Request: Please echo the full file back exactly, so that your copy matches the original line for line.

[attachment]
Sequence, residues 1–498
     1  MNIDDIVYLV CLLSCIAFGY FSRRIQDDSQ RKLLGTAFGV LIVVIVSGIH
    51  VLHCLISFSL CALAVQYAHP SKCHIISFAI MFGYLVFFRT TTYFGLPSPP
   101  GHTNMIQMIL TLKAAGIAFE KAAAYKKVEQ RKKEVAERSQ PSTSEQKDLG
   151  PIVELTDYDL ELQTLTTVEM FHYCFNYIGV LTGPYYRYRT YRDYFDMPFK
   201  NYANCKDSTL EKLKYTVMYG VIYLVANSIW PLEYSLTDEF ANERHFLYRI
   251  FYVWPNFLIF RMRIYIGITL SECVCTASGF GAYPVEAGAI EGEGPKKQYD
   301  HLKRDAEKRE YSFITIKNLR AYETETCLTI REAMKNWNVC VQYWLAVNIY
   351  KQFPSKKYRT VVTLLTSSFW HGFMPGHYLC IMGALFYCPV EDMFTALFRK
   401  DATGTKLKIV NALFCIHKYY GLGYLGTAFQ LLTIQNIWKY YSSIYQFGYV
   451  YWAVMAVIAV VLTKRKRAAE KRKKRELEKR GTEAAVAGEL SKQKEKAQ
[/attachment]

Sequence, residues 1–498
     1  MNIDDIVYLV CLLSCIAFGY FSRRIQDDSQ RKLLGTAFGV LIVVIVSGIH
    51  VLHCLISFSL CALAVQYAHP SKCHIISFAI MFGYLVFFRT TTYFGLPSPP
   101  GHTNMIQMIL TLKAAGIAFE KAAAYKKVEQ RKKEVAERSQ PSTSEQKDLG
   151  PIVELTDYDL ELQTLTTVEM FHYCFNYIGV LTGPYYRYRT YRDYFDMPFK
   201  NYANCKDSTL EKLKYTVMYG VIYLVANSIW PLEYSLTDEF ANERHFLYRI
   251  FYVWPNFLIF RMRIYIGITL SECVCTASGF GAYPVEAGAI EGEGPKKQYD
   301  HLKRDAEKRE YSFITIKNLR AYETETCLTI REAMKNWNVC VQYWLAVNIY
   351  KQFPSKKYRT VVTLLTSSFW HGFMPGHYLC IMGALFYCPV EDMFTALFRK
   401  DATGTKLKIV NALFCIHKYY GLGYLGTAFQ LLTIQNIWKY YSSIYQFGYV
   451  YWAVMAVIAV VLTKRKRAAE KRKKRELEKR GTEAAVAGEL SKQKEKAQ